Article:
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Geopolitical tensions continued to escalate in the Middle East over the week with the US and the UK carrying out multiple airstrikes on more than a dozen Houthi rebel targets in Yemen. Since mid-November Iranian-backed Houthi militants have attacked and harassed several vessels in the Red Sea and the Gulf of Aden, significantly disrupting commercial shipping in the region. Oil and gold were the main beneficiaries of the latest developments with gold ending the week at $2,048/oz, while Brent crude ended a volatile week at $78 a barrel.

There was some encouraging news on Friday on the inflation front with the unexpected fall in US producer prices by 0.1% in December, marking the third consecutive monthly decline. For 2023 as a whole, prices rose 1.0%, while core prices increased 1.8%, less than expected and below the Federal Reserve’s overall inflation target of 2.0%.

The data followed Thursdays higher than expected Consumer Price Index print, which came in modestly hotter than economists had forecasted, with prices up 0.3% on the month and 3.4% from a year ago. Core inflation (excludes volatile food and energy), meanwhile, was roughly in line with expectations, rising 0.3% for the month and 3.9% when compared to the same period the prior year.

Major US indices moved higher over the week as the 4th Quarter earnings season kicked-off in the US with some of the larger bank’s reporting. For the week the Dow Jones added 0.34%, while the S&P 500 advanced 1.84%. The Nasdaq was the outperformer, rising 3.09% over the week.

In Europe, ECB President Christine Lagarde said in an interview on Thursday that she thought “the worst part is behind us” in the battle to bring down inflation. She also asserted that interest rates had probably reached their peak and that interest rate cuts would begin once data confirmed that inflation is on a path to reach the central bank’s target. In local currency terms, the pan-European STOXX Europe 50 Index ended the week up 0.37%, while the UK’s FTSE 100 Index fell 0.84%.

Japan’s stock markets registered strong gains over a holiday-shortened week, with the Nikkei 225 Index rising 6.6% supported by continued stimulative monetary policy and weakness in the yen (boosting Japanese exports).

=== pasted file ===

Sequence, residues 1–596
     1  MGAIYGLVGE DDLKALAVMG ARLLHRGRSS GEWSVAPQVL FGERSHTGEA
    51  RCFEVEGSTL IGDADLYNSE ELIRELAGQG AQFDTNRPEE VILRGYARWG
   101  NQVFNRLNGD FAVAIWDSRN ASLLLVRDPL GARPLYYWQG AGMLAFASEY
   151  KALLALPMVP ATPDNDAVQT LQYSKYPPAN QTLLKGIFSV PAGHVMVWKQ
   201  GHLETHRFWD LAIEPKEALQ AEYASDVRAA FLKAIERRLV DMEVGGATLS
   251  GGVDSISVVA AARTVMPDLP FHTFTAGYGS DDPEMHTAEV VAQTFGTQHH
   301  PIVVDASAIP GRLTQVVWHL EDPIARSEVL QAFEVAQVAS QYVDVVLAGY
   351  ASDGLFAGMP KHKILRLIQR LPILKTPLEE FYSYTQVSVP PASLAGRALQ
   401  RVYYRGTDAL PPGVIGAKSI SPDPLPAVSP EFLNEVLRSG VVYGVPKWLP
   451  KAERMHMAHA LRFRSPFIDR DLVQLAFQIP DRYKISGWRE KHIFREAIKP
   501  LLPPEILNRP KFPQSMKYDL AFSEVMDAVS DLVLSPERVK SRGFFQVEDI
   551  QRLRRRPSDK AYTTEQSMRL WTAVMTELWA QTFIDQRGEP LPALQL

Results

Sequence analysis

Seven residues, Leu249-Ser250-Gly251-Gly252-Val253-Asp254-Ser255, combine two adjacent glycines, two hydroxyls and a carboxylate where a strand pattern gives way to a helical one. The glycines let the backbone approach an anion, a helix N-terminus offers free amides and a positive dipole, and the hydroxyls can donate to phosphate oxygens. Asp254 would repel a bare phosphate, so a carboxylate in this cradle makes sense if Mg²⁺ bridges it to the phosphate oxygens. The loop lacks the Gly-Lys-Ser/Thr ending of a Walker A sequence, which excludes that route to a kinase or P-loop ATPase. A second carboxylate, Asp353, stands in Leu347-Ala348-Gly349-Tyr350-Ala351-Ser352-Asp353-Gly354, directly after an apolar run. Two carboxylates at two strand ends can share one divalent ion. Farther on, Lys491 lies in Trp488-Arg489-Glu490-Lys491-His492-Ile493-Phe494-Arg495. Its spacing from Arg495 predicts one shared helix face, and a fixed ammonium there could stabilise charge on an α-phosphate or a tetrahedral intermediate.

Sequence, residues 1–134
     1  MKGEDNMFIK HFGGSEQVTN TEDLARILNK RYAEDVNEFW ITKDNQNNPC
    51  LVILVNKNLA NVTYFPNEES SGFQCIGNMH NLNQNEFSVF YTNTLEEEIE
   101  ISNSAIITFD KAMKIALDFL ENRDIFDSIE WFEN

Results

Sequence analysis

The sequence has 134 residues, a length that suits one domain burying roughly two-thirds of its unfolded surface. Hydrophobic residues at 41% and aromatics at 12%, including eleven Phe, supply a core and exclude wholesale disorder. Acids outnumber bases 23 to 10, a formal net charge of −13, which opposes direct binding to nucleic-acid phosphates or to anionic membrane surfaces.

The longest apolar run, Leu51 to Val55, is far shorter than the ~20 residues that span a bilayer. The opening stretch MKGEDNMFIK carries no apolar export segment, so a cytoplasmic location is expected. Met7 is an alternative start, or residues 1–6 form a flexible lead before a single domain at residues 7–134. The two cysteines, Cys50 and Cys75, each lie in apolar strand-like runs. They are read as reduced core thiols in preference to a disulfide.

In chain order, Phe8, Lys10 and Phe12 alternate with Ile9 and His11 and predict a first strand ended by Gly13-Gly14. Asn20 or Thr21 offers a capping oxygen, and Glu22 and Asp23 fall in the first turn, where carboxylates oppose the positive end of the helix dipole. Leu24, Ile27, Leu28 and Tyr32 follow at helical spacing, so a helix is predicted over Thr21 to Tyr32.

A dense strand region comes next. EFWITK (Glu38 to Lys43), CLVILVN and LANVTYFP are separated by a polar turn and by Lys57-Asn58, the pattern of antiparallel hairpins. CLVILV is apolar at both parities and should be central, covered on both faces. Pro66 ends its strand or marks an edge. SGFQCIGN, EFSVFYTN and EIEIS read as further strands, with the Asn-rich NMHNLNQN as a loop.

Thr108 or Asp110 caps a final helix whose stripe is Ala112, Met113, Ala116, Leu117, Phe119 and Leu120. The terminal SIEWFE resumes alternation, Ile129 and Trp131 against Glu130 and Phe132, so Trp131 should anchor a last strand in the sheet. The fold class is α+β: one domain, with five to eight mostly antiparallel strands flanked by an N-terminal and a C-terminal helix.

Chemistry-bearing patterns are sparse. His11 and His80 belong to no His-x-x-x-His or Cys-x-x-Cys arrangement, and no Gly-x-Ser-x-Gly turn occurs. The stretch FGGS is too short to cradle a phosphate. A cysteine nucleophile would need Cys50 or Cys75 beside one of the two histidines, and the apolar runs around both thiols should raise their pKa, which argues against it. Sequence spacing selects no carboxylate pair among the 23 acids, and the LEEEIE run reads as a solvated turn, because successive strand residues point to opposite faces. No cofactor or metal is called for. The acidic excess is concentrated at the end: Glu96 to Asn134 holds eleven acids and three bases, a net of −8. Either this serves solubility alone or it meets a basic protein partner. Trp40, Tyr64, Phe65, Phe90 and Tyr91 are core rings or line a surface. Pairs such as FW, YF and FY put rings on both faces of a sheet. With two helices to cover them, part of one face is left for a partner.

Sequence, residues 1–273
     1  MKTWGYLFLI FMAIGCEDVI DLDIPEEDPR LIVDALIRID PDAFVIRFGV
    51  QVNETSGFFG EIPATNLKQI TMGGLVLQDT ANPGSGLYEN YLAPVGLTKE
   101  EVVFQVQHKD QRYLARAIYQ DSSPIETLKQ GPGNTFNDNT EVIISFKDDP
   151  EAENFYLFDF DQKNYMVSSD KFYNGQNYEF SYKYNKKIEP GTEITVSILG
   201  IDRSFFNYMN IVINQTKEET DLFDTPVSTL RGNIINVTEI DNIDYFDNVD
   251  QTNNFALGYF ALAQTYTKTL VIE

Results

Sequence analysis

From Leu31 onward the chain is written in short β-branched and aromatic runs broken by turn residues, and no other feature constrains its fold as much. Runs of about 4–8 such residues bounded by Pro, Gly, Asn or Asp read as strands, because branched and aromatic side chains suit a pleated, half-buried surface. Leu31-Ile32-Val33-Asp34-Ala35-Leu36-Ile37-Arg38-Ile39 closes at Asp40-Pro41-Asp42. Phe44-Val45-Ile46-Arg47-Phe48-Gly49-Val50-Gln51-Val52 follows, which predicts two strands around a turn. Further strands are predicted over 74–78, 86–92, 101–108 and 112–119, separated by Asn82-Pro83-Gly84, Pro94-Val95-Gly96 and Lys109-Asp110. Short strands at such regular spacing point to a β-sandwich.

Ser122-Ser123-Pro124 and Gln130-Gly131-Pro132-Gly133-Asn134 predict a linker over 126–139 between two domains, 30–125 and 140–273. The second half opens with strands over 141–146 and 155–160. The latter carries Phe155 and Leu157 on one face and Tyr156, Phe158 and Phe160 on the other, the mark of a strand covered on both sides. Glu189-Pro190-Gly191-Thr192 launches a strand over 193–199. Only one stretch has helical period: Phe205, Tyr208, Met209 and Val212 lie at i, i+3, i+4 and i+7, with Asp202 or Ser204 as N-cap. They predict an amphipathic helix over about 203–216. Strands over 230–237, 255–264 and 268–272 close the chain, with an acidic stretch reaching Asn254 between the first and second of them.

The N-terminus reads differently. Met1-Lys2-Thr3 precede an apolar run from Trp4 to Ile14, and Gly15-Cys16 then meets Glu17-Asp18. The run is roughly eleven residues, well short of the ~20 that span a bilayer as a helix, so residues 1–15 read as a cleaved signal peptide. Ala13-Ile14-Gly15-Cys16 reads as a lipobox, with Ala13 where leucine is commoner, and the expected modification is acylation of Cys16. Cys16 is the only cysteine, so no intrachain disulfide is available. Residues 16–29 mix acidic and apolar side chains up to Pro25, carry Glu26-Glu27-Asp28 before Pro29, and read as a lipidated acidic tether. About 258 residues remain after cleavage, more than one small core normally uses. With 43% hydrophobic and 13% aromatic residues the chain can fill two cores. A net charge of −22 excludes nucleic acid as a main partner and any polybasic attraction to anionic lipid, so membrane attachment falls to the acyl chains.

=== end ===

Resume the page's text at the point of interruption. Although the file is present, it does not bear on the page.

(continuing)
In contrast, Chinese equities retreated over the week with the benchmark Shanghai Composite Index declining 1.61%. Investor sentiment was impacted by the fall of China’s consumer prices for a third straight month in December, a sign of continuing weak domestic demand.

Over the weekend Taiwanese voters elected the ruling Democratic Progressive Party (DPP), which champions Taiwan’s separate identity and rejects China’s territorial claims, candidate Lai Ching-te as its next president, marking the party’s record third win in a row. In the parliamentary elections, the DPP took 51 out of a total of 113 seats, losing the parliamentary majority for the first time since 2012 and leading to a divided government for the first time since 2004. China sees Taiwan as part of its territory and Xi Jinping has made unification a goal. Saturday’s verdict will mean a continuation of the very tense situation that already exists in the Taiwan Strait.

In Crypto news, the U.S. securities regulator on Wednesday approved the first U.S.-listed exchange-traded funds (ETFs) to track bitcoin, following a decade-long tussle with the crypto industry. Following the approval, U.S.-listed bitcoin exchange-traded funds (ETFs) saw $4.6 billion worth of shares trade hands as of Thursday afternoon with the price soaring to $46,900 level. Friday saw a sharp reversal in pricing to end the week at the $43,200 level.

Market Moves of the Week:

In local news, South African manufacturing production rose 1.9% year-on-year in November, whilst seasonally adjusted manufacturing sales increased by 2.1% over three months. The positive manufacturing print was supported by the release of the Absa Purchasing Managers Index (PMI) for December, a key gauge of manufacturing activity, which rose 2.7 points to 50.9.

The improved data prints will add a ray of hope to South Africa avoiding a recession (two successive negative quarters) in the fourth quarter of 2023. South Africa’s economy contracted 0.2% in the third quarter (Q3) last year.

The JSE All Share index was marginally lower on the week (-0.34%), with the resource sector sharply lower on the week, investors remain concerned around the recovery of the Chinese economy. On the currency front, dollar strength hit emerging market currencies across the board, with the rand ending the week at R18.61/$ level.

Chart of the Week:
The US consumer price index, the most widely used measure of inflation rose a more-than-expected 0.3% in December from the month before after rising only 0.1% in November. On a year-over-year basis, prices rose 3.4%, up from November’s 3.1% pace. Elevated housing and auto insurance costs stood out. Excluding volatile food and energy prices, core CPI also rose 0.3% for the month and 3.9% from a year ago, marking the slowest 12-month pace since mid-2021.

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